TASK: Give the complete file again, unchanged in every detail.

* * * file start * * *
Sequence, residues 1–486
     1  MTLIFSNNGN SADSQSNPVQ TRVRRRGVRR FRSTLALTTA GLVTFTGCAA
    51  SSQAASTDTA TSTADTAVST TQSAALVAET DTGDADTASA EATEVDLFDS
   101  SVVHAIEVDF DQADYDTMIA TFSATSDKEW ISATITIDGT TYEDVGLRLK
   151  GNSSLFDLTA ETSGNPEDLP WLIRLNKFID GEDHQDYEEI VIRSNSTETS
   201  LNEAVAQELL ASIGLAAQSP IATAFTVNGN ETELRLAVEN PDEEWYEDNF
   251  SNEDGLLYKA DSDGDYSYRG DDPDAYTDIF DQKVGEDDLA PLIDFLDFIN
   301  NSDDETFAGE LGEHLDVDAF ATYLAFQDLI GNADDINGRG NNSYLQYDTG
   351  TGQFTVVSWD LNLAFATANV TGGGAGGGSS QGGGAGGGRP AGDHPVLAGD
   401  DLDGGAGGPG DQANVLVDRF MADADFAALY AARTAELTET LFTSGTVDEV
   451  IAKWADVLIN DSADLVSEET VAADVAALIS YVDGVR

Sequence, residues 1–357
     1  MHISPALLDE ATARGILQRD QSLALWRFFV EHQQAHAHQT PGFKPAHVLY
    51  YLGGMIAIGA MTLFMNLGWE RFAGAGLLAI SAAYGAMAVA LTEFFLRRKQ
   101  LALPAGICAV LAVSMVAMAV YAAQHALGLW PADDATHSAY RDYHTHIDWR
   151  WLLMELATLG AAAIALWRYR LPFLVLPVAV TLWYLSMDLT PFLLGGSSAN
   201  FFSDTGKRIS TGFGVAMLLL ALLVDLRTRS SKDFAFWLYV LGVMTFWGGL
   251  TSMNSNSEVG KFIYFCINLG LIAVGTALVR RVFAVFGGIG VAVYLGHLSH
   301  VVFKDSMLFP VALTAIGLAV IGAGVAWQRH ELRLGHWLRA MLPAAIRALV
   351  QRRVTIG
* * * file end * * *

Sequence, residues 1–486
     1  MTLIFSNNGN SADSQSNPVQ TRVRRRGVRR FRSTLALTTA GLVTFTGCAA
    51  SSQAASTDTA TSTADTAVST TQSAALVAET DTGDADTASA EATEVDLFDS
   101  SVVHAIEVDF DQADYDTMIA TFSATSDKEW ISATITIDGT TYEDVGLRLK
   151  GNSSLFDLTA ETSGNPEDLP WLIRLNKFID GEDHQDYEEI VIRSNSTETS
   201  LNEAVAQELL ASIGLAAQSP IATAFTVNGN ETELRLAVEN PDEEWYEDNF
   251  SNEDGLLYKA DSDGDYSYRG DDPDAYTDIF DQKVGEDDLA PLIDFLDFIN
   301  NSDDETFAGE LGEHLDVDAF ATYLAFQDLI GNADDINGRG NNSYLQYDTG
   351  TGQFTVVSWD LNLAFATANV TGGGAGGGSS QGGGAGGGRP AGDHPVLAGD
   401  DLDGGAGGPG DQANVLVDRF MADADFAALY AARTAELTET LFTSGTVDEV
   451  IAKWADVLIN DSADLVSEET VAADVAALIS YVDGVR

Sequence, residues 1–357
     1  MHISPALLDE ATARGILQRD QSLALWRFFV EHQQAHAHQT PGFKPAHVLY
    51  YLGGMIAIGA MTLFMNLGWE RFAGAGLLAI SAAYGAMAVA LTEFFLRRKQ
   101  LALPAGICAV LAVSMVAMAV YAAQHALGLW PADDATHSAY RDYHTHIDWR
   151  WLLMELATLG AAAIALWRYR LPFLVLPVAV TLWYLSMDLT PFLLGGSSAN
   201  FFSDTGKRIS TGFGVAMLLL ALLVDLRTRS SKDFAFWLYV LGVMTFWGGL
   251  TSMNSNSEVG KFIYFCINLG LIAVGTALVR RVFAVFGGIG VAVYLGHLSH
   301  VVFKDSMLFP VALTAIGLAV IGAGVAWQRH ELRLGHWLRA MLPAAIRALV
   351  QRRVTIG